The letters “GWP” are emblazoned everywhere in the town of Abington.
It’s painted all over the varsity locker room, it’s sewn into the pants and jerseys of the football team, and it’s even painted on Memorial Field.
“Green Wave Pride” has become a defining motto for the Abington football program that has spanned generations and has become ingrained in family tradition throughout the town.
For families like the Reillys, that tradition doesn’t graduate and has stretched into its third generation.
Offensive coordinator Ed Reilly Sr. has held his position since the 2001 season under 46-year coach Jim Kelliher. It’s the same position held by his father, the late Jack Reilly, in the early 1960s when Kelliher was a tight end for the Green Wave.
Jack and Ed Sr. both played quarterback for Abington, with the latter under center from 1987-89. Now, Eddie Jr., a backup quarterback on this year’s Super Bowl-bound team, is set to continue that legacy.
“It’s a cool feeling to make my own memories and carry on my grandfather’s legacy having my dad there with me,” said Eddie Jr.
The football program itself has taken on a family-like atmosphere as well and has invited siblings to practice and games over the years. And with success comes commitment from younger generations to buy into that tradition.
“It’s a neat thing because Abington is a small town but we’re one big family,” said Reilly Sr. “Obviously, having some success is a great draw to our program, but our Pop Warner teams have won Super Bowls and we have a great relationship with the youth coaches.”
Players often opt to follow the lead of parents, like the Reilly family, or even older siblings who once starred for Abington.
Team captain Sean Landers is the fourth and final brother in his family to play for Abington and he’s looking to finish his career with a Super Bowl. His older brothers, James and Ryan, were a part of Abington’s 2014 championship team.
Now, Sean is looking to help the Green Wave win its third title in eight years against Leicester in the Division 7 Super Bowl at 9 a.m. Saturday morning at Gillette Stadium.
“I watched my brothers play and I knew it was something I wanted to do,” said Landers. “This town has so much football tradition and it’s great to be a part of it.”
Kelliher has coached all the Landers brothers and many other football families in the town as well. He also realizes that his team’s success encourages younger brothers to come out for the varsity team when they get to high school.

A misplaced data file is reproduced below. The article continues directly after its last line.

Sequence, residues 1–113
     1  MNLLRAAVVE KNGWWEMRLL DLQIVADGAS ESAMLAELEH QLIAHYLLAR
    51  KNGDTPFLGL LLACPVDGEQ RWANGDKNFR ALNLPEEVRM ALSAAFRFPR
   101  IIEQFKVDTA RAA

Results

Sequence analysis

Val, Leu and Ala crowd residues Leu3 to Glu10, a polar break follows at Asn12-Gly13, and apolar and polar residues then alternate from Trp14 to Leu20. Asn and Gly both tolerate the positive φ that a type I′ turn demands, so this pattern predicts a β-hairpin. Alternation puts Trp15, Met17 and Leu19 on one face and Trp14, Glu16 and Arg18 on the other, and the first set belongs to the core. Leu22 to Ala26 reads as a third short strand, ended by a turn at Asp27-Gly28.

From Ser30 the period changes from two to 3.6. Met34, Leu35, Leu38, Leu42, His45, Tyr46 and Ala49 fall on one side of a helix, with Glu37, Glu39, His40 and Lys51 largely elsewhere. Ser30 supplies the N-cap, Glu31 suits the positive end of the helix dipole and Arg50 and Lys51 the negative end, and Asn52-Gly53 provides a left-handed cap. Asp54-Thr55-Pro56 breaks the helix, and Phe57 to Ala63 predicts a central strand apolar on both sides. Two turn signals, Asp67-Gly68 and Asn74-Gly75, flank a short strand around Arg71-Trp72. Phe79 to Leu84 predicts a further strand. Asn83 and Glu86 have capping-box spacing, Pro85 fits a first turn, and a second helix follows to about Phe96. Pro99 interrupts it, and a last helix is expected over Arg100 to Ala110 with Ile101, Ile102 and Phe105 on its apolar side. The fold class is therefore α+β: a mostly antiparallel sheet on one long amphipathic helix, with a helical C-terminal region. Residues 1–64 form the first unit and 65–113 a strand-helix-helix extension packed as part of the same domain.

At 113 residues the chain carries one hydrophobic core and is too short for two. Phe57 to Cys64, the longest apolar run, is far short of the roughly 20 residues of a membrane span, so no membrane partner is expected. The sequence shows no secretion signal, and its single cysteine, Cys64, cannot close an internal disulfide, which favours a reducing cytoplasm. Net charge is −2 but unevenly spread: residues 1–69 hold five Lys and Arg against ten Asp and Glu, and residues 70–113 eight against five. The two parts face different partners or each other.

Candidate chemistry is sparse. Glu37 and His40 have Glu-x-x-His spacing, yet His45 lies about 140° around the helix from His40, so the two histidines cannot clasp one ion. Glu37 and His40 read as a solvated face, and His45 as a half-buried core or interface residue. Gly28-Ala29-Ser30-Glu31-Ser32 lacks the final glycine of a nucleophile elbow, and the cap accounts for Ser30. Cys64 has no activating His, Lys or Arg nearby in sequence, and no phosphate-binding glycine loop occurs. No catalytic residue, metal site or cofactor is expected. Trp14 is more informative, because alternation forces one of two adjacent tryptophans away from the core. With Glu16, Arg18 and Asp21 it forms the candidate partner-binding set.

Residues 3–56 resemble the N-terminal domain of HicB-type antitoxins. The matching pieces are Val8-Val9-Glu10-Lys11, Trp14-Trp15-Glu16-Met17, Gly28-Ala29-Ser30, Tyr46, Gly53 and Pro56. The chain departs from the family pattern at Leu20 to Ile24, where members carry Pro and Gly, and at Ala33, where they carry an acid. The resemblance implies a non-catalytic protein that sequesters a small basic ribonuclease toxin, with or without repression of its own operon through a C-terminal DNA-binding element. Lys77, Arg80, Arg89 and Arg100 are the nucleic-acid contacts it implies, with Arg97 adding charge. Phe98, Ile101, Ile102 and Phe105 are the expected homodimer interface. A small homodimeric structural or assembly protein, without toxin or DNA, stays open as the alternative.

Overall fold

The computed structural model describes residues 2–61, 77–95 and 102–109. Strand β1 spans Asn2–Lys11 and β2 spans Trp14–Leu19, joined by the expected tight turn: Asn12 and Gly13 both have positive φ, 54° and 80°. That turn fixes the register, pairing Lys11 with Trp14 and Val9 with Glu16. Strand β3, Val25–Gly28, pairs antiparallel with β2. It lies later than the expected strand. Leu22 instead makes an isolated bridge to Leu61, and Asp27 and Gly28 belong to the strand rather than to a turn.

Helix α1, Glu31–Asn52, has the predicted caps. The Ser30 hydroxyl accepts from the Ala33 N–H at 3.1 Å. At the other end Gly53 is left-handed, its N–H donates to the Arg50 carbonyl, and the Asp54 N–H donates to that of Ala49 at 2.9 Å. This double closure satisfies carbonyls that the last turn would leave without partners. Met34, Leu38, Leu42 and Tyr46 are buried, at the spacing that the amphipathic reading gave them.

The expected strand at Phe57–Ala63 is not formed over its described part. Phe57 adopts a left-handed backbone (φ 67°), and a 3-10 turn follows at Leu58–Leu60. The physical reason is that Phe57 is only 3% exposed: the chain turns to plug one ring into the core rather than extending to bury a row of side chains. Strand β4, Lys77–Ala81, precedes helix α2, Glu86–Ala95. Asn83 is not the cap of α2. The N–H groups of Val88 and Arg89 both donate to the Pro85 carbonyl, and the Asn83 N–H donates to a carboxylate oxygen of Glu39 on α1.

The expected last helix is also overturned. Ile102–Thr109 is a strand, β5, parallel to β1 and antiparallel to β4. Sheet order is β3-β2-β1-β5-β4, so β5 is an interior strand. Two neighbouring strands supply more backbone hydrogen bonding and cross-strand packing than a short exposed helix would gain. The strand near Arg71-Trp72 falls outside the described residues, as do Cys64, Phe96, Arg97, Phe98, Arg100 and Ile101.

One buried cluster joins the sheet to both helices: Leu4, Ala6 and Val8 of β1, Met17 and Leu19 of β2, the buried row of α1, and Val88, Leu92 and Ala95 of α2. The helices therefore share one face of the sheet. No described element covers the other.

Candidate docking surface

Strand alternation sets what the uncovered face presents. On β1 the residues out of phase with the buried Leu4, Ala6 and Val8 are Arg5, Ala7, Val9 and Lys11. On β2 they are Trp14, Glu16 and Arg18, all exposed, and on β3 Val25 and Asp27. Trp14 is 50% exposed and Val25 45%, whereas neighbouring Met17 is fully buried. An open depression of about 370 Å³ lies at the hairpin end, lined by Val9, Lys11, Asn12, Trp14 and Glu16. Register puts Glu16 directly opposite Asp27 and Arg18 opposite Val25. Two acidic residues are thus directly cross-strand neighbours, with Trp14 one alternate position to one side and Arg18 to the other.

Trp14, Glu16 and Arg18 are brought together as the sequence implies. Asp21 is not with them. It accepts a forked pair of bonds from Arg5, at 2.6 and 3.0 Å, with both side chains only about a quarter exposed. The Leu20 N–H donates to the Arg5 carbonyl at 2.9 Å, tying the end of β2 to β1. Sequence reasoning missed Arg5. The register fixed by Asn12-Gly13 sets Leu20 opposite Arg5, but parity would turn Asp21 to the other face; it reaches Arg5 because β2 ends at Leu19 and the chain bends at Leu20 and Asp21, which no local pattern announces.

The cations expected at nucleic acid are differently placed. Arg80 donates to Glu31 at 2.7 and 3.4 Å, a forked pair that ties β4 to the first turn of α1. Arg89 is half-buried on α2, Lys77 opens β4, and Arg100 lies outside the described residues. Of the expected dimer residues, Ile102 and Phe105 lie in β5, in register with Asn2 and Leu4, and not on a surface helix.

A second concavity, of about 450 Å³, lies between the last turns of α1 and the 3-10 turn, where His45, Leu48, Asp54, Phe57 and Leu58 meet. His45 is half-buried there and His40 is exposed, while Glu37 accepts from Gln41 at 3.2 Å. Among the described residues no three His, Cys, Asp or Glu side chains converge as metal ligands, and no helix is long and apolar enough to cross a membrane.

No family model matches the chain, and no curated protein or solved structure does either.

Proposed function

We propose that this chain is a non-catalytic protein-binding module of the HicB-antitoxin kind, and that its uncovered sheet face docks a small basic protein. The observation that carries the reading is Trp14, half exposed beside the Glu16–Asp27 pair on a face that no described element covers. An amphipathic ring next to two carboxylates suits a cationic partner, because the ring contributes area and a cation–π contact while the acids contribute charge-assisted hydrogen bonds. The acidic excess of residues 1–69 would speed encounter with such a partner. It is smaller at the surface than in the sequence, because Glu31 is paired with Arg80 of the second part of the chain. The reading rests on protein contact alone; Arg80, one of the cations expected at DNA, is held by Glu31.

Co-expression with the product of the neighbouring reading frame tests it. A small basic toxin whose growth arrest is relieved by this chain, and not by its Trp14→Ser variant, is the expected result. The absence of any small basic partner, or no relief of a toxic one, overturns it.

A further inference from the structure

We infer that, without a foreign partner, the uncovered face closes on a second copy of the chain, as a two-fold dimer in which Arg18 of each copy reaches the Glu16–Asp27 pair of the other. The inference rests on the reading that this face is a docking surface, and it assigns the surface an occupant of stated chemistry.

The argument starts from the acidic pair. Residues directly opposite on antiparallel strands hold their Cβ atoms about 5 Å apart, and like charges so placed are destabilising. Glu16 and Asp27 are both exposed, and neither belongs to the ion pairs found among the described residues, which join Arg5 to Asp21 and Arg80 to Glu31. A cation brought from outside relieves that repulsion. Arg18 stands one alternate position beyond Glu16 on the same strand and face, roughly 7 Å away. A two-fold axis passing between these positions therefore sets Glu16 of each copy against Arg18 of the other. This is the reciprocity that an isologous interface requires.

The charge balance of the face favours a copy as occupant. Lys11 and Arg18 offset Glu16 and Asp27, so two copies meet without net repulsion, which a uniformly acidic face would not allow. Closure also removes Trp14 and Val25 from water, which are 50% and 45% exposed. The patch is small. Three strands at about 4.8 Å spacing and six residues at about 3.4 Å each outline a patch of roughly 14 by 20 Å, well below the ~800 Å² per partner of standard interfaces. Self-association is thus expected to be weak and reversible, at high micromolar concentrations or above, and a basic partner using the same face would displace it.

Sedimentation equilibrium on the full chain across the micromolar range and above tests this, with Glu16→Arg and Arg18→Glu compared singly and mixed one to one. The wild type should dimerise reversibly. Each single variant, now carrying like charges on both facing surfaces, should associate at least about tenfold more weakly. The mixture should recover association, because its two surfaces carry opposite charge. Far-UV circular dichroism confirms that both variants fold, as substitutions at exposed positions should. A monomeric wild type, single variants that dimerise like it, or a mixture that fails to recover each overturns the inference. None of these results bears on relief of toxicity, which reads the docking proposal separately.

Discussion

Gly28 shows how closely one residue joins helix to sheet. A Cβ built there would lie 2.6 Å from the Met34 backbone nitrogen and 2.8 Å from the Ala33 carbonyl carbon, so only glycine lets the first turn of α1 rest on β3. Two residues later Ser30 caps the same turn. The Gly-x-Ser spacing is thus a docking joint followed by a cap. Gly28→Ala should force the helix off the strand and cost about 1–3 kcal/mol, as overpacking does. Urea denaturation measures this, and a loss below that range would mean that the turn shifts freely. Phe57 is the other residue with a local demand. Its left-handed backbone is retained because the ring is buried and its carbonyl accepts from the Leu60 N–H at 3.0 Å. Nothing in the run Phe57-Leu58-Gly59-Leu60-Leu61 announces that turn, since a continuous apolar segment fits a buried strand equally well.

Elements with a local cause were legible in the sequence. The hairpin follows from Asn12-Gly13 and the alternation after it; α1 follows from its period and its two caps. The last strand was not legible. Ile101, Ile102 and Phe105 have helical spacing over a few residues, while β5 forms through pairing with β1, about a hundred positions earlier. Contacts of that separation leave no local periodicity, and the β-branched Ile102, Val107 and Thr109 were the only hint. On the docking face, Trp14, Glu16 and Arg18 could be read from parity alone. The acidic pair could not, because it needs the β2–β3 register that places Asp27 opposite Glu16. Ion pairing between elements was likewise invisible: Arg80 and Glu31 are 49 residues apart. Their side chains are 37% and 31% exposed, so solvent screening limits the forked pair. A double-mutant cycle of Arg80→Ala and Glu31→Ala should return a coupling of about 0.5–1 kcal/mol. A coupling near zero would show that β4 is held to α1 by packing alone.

“When brothers go through it, it’s a strength for any program and creates a positive attitude for the future,” said Kelliher. “Kids watch the older groups get deep into the playoffs and understand how much attention to detail it requires.”
From a young age, players get a glimpse of how it feels to wear the Green Wave uniform and play for a town that has shown its support for its varsity football team. In Abington’s state semifinal win against Greater Lawrence in Woburn, nearly 40 miles away, the team had one of its largest contingents make the trek for the game.
“You look up at the crowd and see families coming to games who had kids play 20 years ago,” said Landers. “Once you become a part of the football community, you keep coming back and it’s a great feeling to see that as a player.”
For Reilly Jr., who was a water boy as a child and attended Abington games during its championship run early in the decade, it has given him a unique perspective as to how meaningful it is to wear the Abington uniform.
“When you’re little, there’s nothing bigger than going to those games on Friday night,” said Reilly Jr. “You want to be like the older players, and once you grow up you realize how much of a role you have in the community.”
Abington’s success starts from the top with the varsity coaches, who attend junior varsity contests and work with players on the sidelines just like they do at the varsity level — creating that family atmosphere throughout the entire football program.
From an early stage, Abington players gain familiarity and a comfort level dealing with top-tier coaching, something that has helped siblings stay connected with the team. The strong work ethic that pervades Abington’s football program has been a basic building block of Kelliher’s small-town success.
For decades, players have responded to Kelliher’s coaching. Reilly Jr. and Landers said they could not imagine playing for anyone else at Abington.
“The fact that we, as coaches, take things seriously helps our players become the best they can be,” said Kelliher. “You have 22 spots to fill and you have to have talented players, but you need guys who also want to work hard in order to be successful.”